Phil Dobbie: So I'm sure the company would say, we're doing good work because we are providing a solid return for our clients. Their clients are pension funds, insurance companies, sovereign funds, stinking rich people. almost half of them are in North America. And they could be okay, you know, we could be making money for these people by investing in listed assets. I've heard this a few times from people saying listed assets. The stock exchange is becoming a bit risky lately. It's getting overvalued. It's too volatile for these funds. They could be putting money into bonds. Bonds have been very volatile. So there's a bit of a move now for non listed assets. So that could mean you buy into a share of a company of, a non listed company, or you just buy a company completely, which is what, obviously, these private equity funds are doing. So, I mean, I'm sure they would say, well, look, we are buying these companies to make a profit, so that we are giving a better return to the people who are on our books, our customers. What's wrong with that? If we are getting a better return for them than we would by just buying shares on the share market.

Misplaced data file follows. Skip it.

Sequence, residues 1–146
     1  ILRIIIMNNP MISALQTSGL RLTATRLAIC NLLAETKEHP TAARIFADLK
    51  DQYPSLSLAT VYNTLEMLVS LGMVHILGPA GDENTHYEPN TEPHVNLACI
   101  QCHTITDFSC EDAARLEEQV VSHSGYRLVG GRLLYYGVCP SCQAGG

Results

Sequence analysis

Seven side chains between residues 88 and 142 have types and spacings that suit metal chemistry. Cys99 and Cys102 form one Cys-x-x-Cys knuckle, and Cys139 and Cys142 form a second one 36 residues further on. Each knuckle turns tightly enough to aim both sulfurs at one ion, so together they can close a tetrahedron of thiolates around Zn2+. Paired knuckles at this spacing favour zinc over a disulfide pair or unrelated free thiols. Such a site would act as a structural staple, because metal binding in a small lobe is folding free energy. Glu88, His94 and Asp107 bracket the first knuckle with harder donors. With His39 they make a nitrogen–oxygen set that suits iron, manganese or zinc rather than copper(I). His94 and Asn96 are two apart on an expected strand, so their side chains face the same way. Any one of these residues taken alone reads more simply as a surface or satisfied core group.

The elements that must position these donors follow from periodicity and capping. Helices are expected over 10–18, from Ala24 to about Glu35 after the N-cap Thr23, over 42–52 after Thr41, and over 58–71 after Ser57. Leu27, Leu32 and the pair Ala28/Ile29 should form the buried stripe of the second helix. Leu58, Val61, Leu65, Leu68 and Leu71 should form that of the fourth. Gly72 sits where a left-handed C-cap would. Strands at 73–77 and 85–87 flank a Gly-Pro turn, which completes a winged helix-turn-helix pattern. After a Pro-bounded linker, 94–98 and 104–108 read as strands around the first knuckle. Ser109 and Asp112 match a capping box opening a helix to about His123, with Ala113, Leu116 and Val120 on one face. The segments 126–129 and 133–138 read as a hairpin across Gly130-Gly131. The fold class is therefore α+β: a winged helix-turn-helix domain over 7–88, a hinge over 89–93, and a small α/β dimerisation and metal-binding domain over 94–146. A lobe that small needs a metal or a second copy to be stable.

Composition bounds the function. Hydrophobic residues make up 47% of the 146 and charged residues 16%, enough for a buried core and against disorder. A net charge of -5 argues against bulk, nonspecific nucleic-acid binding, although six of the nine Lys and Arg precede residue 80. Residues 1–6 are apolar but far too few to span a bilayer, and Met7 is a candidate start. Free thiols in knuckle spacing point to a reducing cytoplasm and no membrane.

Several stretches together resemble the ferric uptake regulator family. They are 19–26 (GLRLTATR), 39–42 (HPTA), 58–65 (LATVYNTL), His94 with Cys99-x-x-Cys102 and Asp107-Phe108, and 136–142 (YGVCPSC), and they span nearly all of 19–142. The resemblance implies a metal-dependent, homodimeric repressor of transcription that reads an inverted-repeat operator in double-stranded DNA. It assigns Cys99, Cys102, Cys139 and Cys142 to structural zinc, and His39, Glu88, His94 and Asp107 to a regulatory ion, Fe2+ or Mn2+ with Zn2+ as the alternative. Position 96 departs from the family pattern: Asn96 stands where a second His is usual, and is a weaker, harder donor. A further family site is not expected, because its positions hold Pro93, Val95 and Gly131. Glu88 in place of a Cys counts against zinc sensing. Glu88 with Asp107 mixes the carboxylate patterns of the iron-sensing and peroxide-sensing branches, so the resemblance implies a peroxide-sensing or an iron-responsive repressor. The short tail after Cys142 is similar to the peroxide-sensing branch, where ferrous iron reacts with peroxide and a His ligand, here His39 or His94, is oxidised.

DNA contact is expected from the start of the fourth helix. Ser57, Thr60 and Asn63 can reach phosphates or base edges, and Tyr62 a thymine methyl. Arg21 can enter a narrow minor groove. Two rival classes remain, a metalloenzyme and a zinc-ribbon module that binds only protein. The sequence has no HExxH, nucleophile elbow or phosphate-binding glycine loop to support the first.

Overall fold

Steve Keen: Yeah. I mean, to me, one of the problems, apart from the fact that it ends up companies being very heavily levered, whereas before they didn't need to be levered because it was equity holders who provided the capital rather than banks lending the money to the, private equity firms that do the buyout. and the argument this is more discipline on the firm to make it behave better. But what you get is, as you said with the case of Morrisons, you had an entire family whose history was retailing, and you, get a takeover by people, which are derogatively called dean counters. And my experience with that came actually more from the computer industry than anywhere else. And I have a wonderful meeting with a guy who designed the database program. You might even remember, if you're old enough, dbase too. Do you remember dbase two?
Phil Dobbie: Yeah, I do.